Imagine my excitement when I saw the New York Knicks’ point guard, Jeremy Lin, tearing it up recently in the NBA? Okay, it’s only been a few games. Still, this cross over and dunk isn’t anything to sneeze at.
If you don’t know who Jeremy Lin is, he is a Harvard graduate, originally from Northern California who was not drafted by any NBA team in 2010. Lin is Taiwanese, but having been born in the United States, he is Asian American. The Golden State Warriors and later Houston Rockets signed him as a free agent, but Lin saw minimal playing time.
This season the New York Knicks have given Lin chance. Due to team injuries, Lin has seen increased playing time and taken advantage of it, becoming “the first player in more than 30 years to record at least 28 points and 8 assists in his first N.B.A. start.” But truth be told, a handful of strong games from a young player in the NBA is not terribly unusual.
So why all the fuss?…
Does a “real” man cry? Does he get scared? All of us, regardless of our gender, experience the entire range of human emotions, but where do they go if we don’t show them? In this post David Mayeda explores what emotions the men of MMA can express publicly and how they manage emotions they cannot.
Back in September of 2011, Sociology In Focus’s Alex Megna examined the rigid ways that masculinity is constructed in our society through music. Sports are another venue where men learn to become so-called real men, and women, so-called real women. So do “real” men, even professional male athletes, express emotion? Aren’t “real” men supposed to be emotionless, standing tall, calm, and bravely in the face of danger and uncertainty? Let’s return to the sport of mixed martial arts (MMA) to see how men engaged in fight sport cope with their emotions.
A fairly common perception of masculinity is that men, well “real” men, keep their emotions in check, in contrast to women, who are not policed so heavily by society in expressing their emotional states. But the reality is, men do have emotions, even those who try to repress them in the face of public scrutiny. Perhaps one of the few emotions men are allowed to express publicly, in particular when in confrontation with one another, is anger. Hence, confrontational interactions like that seen below between MMA fighters Nate Diaz and Donald “Cowboy” Cerrone prior to their December 2011 fight, are not terribly uncommon (see this video)….
Do you support slavery? Don’t be so quick to answer no. Conservative estimates show that in a given year, 27 million people are enslaved across our global society. Yes, our current society! While you may find different forms of contemporary slavery reprehensible, our ties to the ongoing slave trade are often times closer than you think. In this post, David Mayeda questions our consumer culture and its ties to worker exploitation.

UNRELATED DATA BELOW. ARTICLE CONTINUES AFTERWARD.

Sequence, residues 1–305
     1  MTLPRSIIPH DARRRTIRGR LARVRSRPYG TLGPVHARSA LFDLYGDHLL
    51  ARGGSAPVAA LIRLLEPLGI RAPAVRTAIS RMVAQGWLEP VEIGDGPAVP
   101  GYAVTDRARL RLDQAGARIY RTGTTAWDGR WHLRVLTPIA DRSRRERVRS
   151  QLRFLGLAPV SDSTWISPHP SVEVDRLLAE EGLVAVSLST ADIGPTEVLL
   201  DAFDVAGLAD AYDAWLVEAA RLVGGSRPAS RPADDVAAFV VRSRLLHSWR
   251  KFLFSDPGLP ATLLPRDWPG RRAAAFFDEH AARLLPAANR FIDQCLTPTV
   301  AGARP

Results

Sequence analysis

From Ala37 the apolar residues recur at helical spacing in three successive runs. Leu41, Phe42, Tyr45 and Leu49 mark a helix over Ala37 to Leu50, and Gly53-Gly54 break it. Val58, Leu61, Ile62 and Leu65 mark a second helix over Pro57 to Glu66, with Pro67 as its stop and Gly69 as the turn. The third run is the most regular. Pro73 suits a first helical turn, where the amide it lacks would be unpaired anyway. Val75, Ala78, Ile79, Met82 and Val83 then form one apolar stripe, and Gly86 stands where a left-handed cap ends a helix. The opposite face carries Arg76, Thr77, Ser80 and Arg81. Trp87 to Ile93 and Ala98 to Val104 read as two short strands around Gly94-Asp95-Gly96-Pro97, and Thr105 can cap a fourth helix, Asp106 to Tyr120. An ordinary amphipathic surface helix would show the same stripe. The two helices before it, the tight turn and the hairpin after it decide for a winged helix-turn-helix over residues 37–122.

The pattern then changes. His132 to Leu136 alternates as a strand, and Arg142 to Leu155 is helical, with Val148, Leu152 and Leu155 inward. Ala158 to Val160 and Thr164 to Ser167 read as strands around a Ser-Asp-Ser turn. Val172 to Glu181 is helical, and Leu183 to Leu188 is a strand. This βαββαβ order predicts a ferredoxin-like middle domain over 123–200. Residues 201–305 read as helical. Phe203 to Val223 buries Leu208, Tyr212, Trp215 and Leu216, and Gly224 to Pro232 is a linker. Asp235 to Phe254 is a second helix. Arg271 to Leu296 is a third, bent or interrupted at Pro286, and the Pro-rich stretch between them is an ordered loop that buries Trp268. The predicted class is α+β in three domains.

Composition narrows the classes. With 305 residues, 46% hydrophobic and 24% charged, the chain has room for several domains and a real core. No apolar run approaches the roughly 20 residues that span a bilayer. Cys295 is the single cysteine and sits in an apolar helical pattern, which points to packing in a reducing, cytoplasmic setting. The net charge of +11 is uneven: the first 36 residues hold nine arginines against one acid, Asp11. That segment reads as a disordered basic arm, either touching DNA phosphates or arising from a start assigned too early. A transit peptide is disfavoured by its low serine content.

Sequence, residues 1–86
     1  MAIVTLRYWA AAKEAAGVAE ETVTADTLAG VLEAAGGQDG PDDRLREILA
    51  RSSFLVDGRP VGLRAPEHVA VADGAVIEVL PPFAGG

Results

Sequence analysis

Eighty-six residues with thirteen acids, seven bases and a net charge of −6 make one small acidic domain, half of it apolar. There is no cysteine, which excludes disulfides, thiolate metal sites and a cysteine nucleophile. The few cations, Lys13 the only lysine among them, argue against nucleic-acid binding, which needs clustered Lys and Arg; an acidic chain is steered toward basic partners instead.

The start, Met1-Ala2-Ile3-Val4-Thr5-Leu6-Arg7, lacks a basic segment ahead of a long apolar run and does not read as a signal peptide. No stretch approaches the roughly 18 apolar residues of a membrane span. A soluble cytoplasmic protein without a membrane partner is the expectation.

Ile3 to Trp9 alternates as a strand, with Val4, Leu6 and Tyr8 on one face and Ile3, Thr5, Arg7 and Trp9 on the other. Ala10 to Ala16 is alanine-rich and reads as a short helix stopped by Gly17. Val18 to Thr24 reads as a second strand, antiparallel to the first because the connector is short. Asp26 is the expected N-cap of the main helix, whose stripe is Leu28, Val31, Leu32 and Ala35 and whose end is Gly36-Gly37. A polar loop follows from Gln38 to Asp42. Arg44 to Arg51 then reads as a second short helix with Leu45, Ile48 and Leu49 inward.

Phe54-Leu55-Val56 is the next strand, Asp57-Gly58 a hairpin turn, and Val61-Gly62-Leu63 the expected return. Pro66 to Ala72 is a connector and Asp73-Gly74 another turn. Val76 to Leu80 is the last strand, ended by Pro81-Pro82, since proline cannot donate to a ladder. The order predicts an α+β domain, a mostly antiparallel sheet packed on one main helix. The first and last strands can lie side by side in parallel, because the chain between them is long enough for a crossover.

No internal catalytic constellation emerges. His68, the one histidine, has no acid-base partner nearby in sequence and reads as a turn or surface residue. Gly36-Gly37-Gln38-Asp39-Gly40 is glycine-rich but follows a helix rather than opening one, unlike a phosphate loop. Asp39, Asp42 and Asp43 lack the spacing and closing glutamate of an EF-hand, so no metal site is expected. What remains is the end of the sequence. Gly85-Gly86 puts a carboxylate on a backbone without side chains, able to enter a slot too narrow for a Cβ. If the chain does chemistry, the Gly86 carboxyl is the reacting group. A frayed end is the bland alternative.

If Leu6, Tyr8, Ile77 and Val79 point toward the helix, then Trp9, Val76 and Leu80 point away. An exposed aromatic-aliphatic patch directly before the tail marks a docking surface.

I admit, I love my iPad. I utilize it so much and so often that one of my colleagues calls it my best friend. I also own a laptop, a cell phone and a number of other gadgets that I find extremely useful in our contemporary techy society. I’ve also been tempted to hit up those post-holiday sales that emerge every December 26, but thus far I have resisted. My modicum of resistance stems from a moral consciousness. Remember, in a capitalist society, the objective is to profit. Rendering a profit means cutting costs, and this happens most effectively by cutting labour costs. Too often, labour costs are cut entirely by enslaving people.
Kevin Bales – the foremost scholar on contemporary slavery – defines slavery as the total control of one person by another for the purpose of economic exploitation. Why is it that those of us in high-income countries can go into stores and pay $5-$10 for clothing items? It is likely because the stores you’re buying those items from, purchased the items for substantially less than the relatively small amount you’re paying. Does $5 even cover the cost of the materials used to make a T-shirt?…
Imagine if it was common place for prominent members of a billion dollar company to use glaringly sexist language in public. That would be crazy, right? Except over the last few months this is exactly what we’ve seen from the Mixed Martial Arts league called the UFC. In this post David Mayeda uses the sociological concept of hegemonic masculinity to help us understand what is going on with the men of the UFC.
In a sport so male driven, it is hardly surprising that some Mixed Martial Arts (MMA) athletes publicly express opinions reflecting a violent male dominance. Recently, MMA fighter Miguel Torres tweeted: “If a rape van was called a surprise van more women wouldn’t mind going for rides in them. Everyone likes surprises” (December 7, 2011). Torres was subsequently fired by UFC President, Dana White.